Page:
Their profession and talent were defined with complication, society made it complicated, in this context, Shah explained “A microcosm of talent and entertainment the world of baijis has always been a complex territory defying shallow definitions and categorization by outsiders. Its richness may have withered with the ravages of time, but its intrigue is everlasting.”

It was the Nawabi era when these Tawaifs were truly the epitome of culture. Their high cultural qualification, scholarly knowledge and cultural tastes would prove who they were. Nawab sent their heir to them to learn ‘tahezeeb’ and ‘tameez’. After the fall of the Mughal dynasty, Tawaifs spread out and started looking for a cultural shelter to save their art forms. Awadh became their priority. They became a cultural community and high taxpayer in Awadh (Sampath, 2023). They were searching for an opportunity to reestablish themselves. They established Kotha permanently. Kotha was that place from where North Indian Music got many new forms of music. It was like the cultural hub. It has its own rules. The stalwarts and patrons visited there regularly, not only did they enjoy themselves, Kotha became a centre of cultural practice of Music, Dance and Poetry. As Sampath explains “Aristocrats, poets, wealthy patrons, and rich famous men of the city congregated at the kothas every evening for their daily entertainment.”

In their ‘Lavish Kotha’ they were patronized by the ‘nobility and the wealthiest’, here intellectual thinking and scholarly knowledge were exchanged. Tawaifs were the symbolism of ‘Tameez’ and ‘Tahezeeb’ ‘Aadab’. Aristocrats sent their sons and daughters to learn etiquette and manners. As Rout mentions in her article “Tales from the Lavish Kothas” “The Kothas often housed women known for their added, tehezeeb and grace. People would often send their daughters to Kothas so they learn nuances of feminine elegance.”In Mujras of Lucknow Kotha, there were some rules. Visitors or stalwarts could enjoy the music, moves and dance with some opium but no alcohol was allowed there. This culture of Kotha was the proof of superiority of Kotha and Tawaif (Rout…..).

After 1857, when Nawab Wajid Ali Shah lost his ‘Lucknow Nagarai’ and made ‘Chhota Lucknow’ at Metiaburj, many Tawaifs came here to preserve their art form and Nawab started Awadhi culture here. Tawaifs came from many places. These famous Tawaifs enriched the court of Nawab Wajid Ali Shah who was himself an artist and exponent. Tawaifs lit up the court with their mesmerizing voices and Kathak dance (Sudipto……).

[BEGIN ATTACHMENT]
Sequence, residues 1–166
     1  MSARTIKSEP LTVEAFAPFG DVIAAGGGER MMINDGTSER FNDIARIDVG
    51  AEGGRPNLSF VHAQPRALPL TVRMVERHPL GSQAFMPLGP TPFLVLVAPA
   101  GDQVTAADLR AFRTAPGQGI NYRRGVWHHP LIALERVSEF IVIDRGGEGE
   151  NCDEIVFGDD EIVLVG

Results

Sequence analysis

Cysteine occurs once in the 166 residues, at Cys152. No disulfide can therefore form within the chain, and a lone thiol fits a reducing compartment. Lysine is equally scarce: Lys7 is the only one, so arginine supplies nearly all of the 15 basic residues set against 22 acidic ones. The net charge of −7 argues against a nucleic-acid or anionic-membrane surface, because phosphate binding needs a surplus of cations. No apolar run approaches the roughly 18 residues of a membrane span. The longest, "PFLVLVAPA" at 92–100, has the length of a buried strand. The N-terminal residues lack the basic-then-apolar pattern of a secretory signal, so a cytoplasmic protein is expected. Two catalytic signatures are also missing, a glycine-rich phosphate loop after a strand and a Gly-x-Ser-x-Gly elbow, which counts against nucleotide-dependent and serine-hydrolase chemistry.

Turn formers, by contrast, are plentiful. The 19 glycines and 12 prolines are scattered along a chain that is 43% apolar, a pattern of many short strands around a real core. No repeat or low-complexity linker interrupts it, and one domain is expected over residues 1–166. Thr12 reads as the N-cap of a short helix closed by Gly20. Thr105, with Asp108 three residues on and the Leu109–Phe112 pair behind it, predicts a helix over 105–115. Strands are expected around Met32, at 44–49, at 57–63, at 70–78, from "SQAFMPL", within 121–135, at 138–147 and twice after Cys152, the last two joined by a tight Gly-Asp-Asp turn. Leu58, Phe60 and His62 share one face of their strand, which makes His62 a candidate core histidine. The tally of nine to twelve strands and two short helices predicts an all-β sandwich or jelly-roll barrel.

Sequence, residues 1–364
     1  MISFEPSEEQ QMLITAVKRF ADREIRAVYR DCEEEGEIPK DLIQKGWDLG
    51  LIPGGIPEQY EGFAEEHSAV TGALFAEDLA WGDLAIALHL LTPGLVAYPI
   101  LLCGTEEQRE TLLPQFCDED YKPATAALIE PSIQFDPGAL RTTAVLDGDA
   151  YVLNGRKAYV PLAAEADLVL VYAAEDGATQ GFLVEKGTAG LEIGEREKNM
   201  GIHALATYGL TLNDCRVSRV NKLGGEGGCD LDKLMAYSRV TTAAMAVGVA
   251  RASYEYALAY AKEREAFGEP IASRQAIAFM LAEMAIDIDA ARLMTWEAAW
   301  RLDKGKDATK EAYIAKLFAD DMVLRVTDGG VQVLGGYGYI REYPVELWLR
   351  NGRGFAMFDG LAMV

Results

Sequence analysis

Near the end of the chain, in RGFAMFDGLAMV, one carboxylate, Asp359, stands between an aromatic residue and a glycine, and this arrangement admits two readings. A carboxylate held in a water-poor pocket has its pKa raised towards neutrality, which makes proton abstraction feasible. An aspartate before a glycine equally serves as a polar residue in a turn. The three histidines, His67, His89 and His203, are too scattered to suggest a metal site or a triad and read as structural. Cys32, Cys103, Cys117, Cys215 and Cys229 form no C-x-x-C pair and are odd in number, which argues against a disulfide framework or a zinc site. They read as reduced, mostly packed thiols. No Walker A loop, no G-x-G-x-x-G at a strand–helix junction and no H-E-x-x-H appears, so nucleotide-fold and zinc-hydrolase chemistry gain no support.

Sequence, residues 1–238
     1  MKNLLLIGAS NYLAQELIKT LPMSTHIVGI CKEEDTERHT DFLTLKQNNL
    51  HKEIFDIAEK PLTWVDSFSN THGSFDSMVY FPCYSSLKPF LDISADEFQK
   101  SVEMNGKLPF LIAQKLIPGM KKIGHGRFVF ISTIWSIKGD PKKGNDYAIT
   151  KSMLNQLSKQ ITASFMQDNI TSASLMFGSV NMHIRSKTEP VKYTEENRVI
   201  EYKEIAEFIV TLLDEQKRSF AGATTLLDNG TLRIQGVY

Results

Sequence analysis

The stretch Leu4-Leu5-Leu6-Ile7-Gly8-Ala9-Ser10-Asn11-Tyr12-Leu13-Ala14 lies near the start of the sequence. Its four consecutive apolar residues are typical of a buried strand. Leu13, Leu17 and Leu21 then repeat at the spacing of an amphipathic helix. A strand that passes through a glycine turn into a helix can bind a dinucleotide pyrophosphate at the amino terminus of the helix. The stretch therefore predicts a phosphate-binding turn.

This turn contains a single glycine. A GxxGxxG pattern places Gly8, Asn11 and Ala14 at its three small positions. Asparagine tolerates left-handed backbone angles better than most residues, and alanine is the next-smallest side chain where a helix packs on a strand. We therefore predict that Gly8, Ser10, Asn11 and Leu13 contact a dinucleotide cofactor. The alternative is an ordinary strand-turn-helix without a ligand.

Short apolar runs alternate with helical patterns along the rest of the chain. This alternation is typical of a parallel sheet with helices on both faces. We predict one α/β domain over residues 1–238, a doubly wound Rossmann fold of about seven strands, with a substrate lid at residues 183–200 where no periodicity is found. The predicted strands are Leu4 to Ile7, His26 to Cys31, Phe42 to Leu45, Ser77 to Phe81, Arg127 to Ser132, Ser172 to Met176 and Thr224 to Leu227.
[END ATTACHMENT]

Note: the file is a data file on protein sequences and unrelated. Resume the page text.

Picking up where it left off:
Gradually, at the end of the Nawabi era, an anti-nautch movement was started against Tawaifs. At this very time, a revolutionary invention of the Western world made the world. It was not only invention, it was that discovery which began to lead further. It was 9th January 1878, Bengali periodical ‘Samachar Chandrika’ reported about the “Woundrous Talking Machine”.Now it was the time of that technology which changed the whole scenario of the world. India was Introduced with it and the cultural structure was again framed, cultural essence was newly spread out (Sampath,2023).

With the invention of Thomas Alva Edison’s Phonograph, it took very little time to become popular after its discovery. In the Indian market, it was entered and imported by Maharaj Lal &Sons of Delhi. It became demanding as Shah noted in her book ‘Jalsa”: “They became a fairly popular novelty among the ‘native’ elite. Colloquialism sprang up to describe this western invention.”

Phonograph made the thirst and interest of invention. A discovery begets more discoveries. Edison was inspired by the new generation of scientists, their invention and also their new thought. Emile Berliner was one of them. He started his experiment when unexpectedly Frederick William Gaisberg wanted to join him. In 1891 their experiment surprisingly took the shape, of a zinc disc record, which was named Gramophone. They realized this Zinc disc could not keep the real ‘impression permanently’, ‘shellac’ was the new substance of zinc disc. Sampath (2023) mentions noticeably in his book “Indian Classical Music and the Gramophone,1900-1930” that “Berliner and Gaisberg realized that unless the Gramophone was fitted with a clock-driven motor, it would never become a serious commercial proposition and merely remains a toy for the curious.”(P-18).

It was 1898, Emile Berliner founded the Gramophone Company in London. Gramophone was better than the Phonograph, its ‘quality’, ‘portability’ and ‘ability’ was far better than the Phonograph. Gramophone Company started the marketing procedure. It spread to different parts of the world. The company sent J.W.Hawd to Calcutta to open a branch office of Gramophone. They wanted to record ‘native voices’ for a business purpose. Many Indian artists refused to record, they thought once their culture and tradition were handed over to the company, they could never be recovered. But there was a community of performing artists who were ready to record their voices and took the opportunity to regain and prove themselves. According to Gaisbergit was quite impossible to record the voice of respected women, here the ‘public women’ came forward to record their voices. These women artists were the leading voices of the performing artist community. They were the Tawaifs who never be afraid to step forward (Nair, 2016). Gramophone not only gave the opportunity but also made a platform, from where music could be reached to everyone. In her article“Musical Revolution: How these artistes adapted to Gramophone Records in the Early 1900s” Nair (2016) describes: “The Gramophone ‘democratise’ the music of these artistes, taking it to the middle class and to housewives who would never be allowed to attend the soirees/salons where these artists performed.”